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New Study Links Nighttime Darkness to Success of Breast Cancer Therapy

Sleep scientists and those trying to help insomnia sufferers to get a better night’s sleep have long sung the praises of creating the correct sleep environment, and sleeping in a totally darkened room are always part of the long list of sleep hygiene issues that can be controlled to great advantage. Another light-related issue has been the blue light that emanates from televisions, e-readers and tablets, as it has been proven that they reduce the production of melatonin and disrupt the sleep cycle.

Now a study out of Tulane University School of Medicine is strengthening that argument, indicating that exposure to any kind of light at night actually shuts down nighttime production of melatonin and makes breast cancer therapies less effective. The group specifically looked at the impact that light has on the effectiveness of tamoxifen, a popular breast cancer drug, and found that it rendered the therapy of little use.

The study was titled, “Circadian and Melatonin Disruption by Exposure to Light at Night Drives Intrinsic Resistance to Tamoxifen Therapy in Breast Cancer”.  The researchers investigated the role of melatonin – a hormone whose production is in response to the presence or absence or light, and which has a significant impact on the body’s sleep cycle – and its role in tamoxifen’s effectiveness.  They exposed lab animals implanted with breast cancer cells to different dark light cycles to determine how the cancer responded.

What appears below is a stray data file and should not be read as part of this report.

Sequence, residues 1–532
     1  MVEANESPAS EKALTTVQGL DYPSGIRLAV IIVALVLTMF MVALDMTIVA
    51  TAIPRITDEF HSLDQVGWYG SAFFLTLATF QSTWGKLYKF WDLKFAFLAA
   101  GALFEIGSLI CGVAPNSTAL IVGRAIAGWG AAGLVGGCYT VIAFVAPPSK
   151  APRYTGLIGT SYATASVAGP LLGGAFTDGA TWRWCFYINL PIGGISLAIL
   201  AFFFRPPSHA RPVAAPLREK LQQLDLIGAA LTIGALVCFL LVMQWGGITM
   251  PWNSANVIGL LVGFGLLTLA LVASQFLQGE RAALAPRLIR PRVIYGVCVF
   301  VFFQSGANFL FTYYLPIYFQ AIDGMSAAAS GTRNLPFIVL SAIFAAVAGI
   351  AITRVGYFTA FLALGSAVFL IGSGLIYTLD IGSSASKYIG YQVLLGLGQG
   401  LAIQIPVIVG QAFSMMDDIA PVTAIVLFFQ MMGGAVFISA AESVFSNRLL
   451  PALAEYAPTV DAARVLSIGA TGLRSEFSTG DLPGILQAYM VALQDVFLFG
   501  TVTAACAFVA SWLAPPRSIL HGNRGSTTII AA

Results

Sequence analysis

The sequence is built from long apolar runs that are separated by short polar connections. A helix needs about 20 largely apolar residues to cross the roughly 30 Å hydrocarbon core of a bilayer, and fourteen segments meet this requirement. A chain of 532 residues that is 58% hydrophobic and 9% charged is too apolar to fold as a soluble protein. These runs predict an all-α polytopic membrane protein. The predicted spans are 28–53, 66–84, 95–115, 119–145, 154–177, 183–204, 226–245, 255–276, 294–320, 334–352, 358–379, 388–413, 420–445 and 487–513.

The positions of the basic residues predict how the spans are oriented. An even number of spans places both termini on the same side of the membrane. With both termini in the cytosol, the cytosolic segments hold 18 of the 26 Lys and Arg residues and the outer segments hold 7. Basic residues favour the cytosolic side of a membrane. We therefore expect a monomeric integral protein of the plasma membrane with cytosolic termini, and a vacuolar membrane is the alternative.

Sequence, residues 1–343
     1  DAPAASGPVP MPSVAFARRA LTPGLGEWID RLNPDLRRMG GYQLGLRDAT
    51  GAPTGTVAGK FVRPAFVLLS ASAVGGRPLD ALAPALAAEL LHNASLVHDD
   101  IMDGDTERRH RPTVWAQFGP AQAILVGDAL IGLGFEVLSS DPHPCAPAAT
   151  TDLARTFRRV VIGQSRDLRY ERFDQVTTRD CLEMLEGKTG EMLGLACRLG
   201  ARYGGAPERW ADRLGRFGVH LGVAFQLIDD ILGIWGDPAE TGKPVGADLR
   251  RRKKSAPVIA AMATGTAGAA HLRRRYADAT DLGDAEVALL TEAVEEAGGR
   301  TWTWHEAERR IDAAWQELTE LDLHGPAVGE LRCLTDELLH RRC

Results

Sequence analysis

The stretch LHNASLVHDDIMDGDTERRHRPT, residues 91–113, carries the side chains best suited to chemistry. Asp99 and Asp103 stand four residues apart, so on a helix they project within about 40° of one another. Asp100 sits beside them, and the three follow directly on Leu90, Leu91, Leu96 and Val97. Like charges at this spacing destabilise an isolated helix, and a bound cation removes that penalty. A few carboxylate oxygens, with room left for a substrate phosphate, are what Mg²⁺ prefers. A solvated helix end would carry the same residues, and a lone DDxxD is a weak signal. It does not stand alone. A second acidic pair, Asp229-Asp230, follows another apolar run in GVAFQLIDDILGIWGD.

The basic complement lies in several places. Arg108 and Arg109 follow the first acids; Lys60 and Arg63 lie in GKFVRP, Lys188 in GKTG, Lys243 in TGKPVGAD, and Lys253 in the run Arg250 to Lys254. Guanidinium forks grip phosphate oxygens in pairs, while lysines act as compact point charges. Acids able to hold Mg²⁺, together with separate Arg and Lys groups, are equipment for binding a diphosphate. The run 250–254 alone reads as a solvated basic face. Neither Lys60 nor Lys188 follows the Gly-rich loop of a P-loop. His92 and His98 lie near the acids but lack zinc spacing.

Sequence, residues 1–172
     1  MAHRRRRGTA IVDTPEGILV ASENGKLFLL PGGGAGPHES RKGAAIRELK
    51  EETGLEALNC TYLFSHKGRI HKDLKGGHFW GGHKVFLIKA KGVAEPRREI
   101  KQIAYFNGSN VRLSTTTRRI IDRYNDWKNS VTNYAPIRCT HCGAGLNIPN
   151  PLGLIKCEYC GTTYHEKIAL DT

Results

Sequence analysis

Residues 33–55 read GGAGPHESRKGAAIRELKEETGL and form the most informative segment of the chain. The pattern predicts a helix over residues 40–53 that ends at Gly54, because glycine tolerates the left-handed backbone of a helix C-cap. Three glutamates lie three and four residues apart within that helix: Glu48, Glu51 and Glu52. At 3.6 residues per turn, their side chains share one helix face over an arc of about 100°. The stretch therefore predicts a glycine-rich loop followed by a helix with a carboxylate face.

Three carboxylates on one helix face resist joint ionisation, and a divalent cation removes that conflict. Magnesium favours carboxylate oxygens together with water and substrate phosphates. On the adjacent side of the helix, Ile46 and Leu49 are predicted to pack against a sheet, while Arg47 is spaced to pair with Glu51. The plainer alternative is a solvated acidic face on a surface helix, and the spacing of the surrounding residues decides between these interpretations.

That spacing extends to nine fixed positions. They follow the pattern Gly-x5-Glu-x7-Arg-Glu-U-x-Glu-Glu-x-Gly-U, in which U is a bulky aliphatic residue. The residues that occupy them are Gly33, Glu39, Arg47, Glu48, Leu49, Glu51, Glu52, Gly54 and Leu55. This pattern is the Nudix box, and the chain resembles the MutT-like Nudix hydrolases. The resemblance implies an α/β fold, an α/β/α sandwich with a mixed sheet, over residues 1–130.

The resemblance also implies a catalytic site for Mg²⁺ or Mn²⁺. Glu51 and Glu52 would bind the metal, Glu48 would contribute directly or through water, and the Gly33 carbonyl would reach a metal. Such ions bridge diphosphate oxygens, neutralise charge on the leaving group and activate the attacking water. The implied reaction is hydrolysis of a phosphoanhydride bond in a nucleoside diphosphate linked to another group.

According to Steven Hill, one of the study’s principal investigators, “In the first phase of the study, we kept animals in a daily light/dark cycle of 12 hours of light followed by 12 hours of total darkness (melatonin is elevated during the dark phase) for several weeks. In the second study we exposed them to the same daily light/dark cycle; however, during the 12 hour dark phase, animals were exposed to extremely dim light at night (melatonin levels are suppressed), roughly equivalent to faint light coming under a door.”

What they found was that melatonin alone plays a role in delaying tumor formation but that tamoxifen actually caused the tumors to regress. They also found that animals that slept in complete darkness had higher levels of melatonin than those exposed to dim light.

For women who are being treated with tamoxifen for breast cancer, this information is extremely important. Many find themselves unable to sleep, and stay up late reading from tablets or watching televisions, and this may be working against their most effective treatment option.  According to David Blask of Tulane’s Circadian Cancer Biology Group, “High melatonin levels at night put breast cancer cells to sleep by turning off key growth mechanisms. These cells are vulnerable to tamoxifen But when the lights are on and melatonin is suppressed, breast cancer cells wake up and ignore tamoxifen.”

 

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